It’s been four years since she’s released an album—she’s been busy out there mainstreaming as an actress in Oscar nominated films like Hidden Figures and Moonlight. This is her first time coming back to her fringey musical roots and the gaggle of press, artists, and fans are excited to see how her newfound stardom and eccentric spirit can merge. The room is full of people who appear to be marching to the beat of their own drums. To my left is my hairstylist friend Kyrsten Oriol, who also worked on several of Monáe’s recent music videos. To her left is the famed queer visual artist, Mickalene Thomas, dressed in all black. To my right is a white supporter, who will later passionately thank me for my animated reaction throughout the film. Somewhere behind me is Orange is the New Black’s Adrienne C. Moore, and a girl who curates one of my favorite fat-themed Instagram accounts. Common and Lupita Nyong’o casually converse two rows ahead of me. None of them are disappointed at the end of the night.
In the weeks that follow, Monáe will come out publicly and officially as queer, and that moment will be heralded as a “coming out” for Monáe. But just because Monáe has made a public statement, doesn’t mean she’s crossed some threshold from a dark closet into the light. “I’ve been living my life in the way that I have for a long time,” she explained to me. “I don’t get caught up in how writers or people discuss what it is. The truth of the matter is: I move when I’m ready to move. The truth is that this was a time for me to discuss my sexual identity. I said it before and I’ll say it again: I’m proud to be a young, Black, queer, American woman.”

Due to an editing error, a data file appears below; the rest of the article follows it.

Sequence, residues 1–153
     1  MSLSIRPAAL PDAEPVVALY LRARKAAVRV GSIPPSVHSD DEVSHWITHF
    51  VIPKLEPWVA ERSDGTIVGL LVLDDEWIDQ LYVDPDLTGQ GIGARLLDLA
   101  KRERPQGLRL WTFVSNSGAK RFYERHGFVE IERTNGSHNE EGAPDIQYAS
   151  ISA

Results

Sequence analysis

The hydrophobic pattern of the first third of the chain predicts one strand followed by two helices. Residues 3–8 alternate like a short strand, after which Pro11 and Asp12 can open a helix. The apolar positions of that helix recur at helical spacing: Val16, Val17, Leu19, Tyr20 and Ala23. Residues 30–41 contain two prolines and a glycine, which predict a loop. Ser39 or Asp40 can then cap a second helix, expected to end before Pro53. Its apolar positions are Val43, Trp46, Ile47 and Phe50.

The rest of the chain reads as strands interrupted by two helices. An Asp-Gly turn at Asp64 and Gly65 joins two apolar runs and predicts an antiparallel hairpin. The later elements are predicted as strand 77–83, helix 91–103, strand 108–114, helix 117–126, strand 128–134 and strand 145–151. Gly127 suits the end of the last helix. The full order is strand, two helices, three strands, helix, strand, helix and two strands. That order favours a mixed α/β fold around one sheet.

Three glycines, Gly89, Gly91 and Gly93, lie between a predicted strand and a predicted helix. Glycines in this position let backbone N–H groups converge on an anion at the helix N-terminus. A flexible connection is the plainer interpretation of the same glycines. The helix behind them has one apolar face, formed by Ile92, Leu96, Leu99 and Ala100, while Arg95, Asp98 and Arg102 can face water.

However, the path to Monáe’s announcement of pride wasn’t without obstacles. Like me, Monáe grew up a member of a big working class family in the Midwest — me in Chicago and her in Kansas City, Kansas. At last count, Monáe has around 50 first cousins. Both of our families wear their religious beliefs like badges of honor. And neither of us have been immune to the politics of respectability that often flow through the fabric of families like ours, intending to keep us safe, but sometimes stifling us in the process.
“It hasn’t been a perfect response across the board,” she tells me about her family’s reaction to her declaration about her sexuality, and I would have been genuinely shocked to find out otherwise. Monáe says that her parents, who have always been in their daughter’s corner, have received concerned phone calls from some extended family members.
“Some people would say certain things that were not supportive. They just don’t understand. It’s like, ‘this is how it’s supposed to be,’ ‘why is she doing this?’” she says.
In a way, this juncture of Monáe’s career symbolizes the interplay between her “machines” and her humanity. At the same time that she is reaching the upper echelons of her career, she is using Dirty Computer to dig her heels even deeper into those Kansas City roots, with several references to her upbringing and hometown. While she clings to where she’s come from, she’s become willing to go public with a queer identity that may create an even deeper wedge between them. “I am grown. I’m not the little girl living in Kansas who never asks any questions or felt afraid to follow my heart,” she says. But as Monáe brings forth who she is, with human qualities like nervousness, honesty, vulnerability, her strongest musical and visual work to date still offer her up as a hard drive needing to be cleaned.
“I have little cousins who are still there,” she admitted. “And they are ostracized and pushed out of their homes. People are telling them that they’re sinning or they may be going to hell. For me, it’s important to let them know I’m their cousin, I understand what you’re going through. You’re not a freak, you’re not a deviant, you’re not a sinner. There is nothing wrong with you.”